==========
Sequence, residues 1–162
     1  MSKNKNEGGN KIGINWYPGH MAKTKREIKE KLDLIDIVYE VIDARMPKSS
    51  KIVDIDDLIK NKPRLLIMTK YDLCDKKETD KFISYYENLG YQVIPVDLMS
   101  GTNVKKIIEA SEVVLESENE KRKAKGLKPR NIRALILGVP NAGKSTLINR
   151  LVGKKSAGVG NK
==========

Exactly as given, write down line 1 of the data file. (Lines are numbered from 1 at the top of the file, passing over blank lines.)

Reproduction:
Sequence, residues 1–162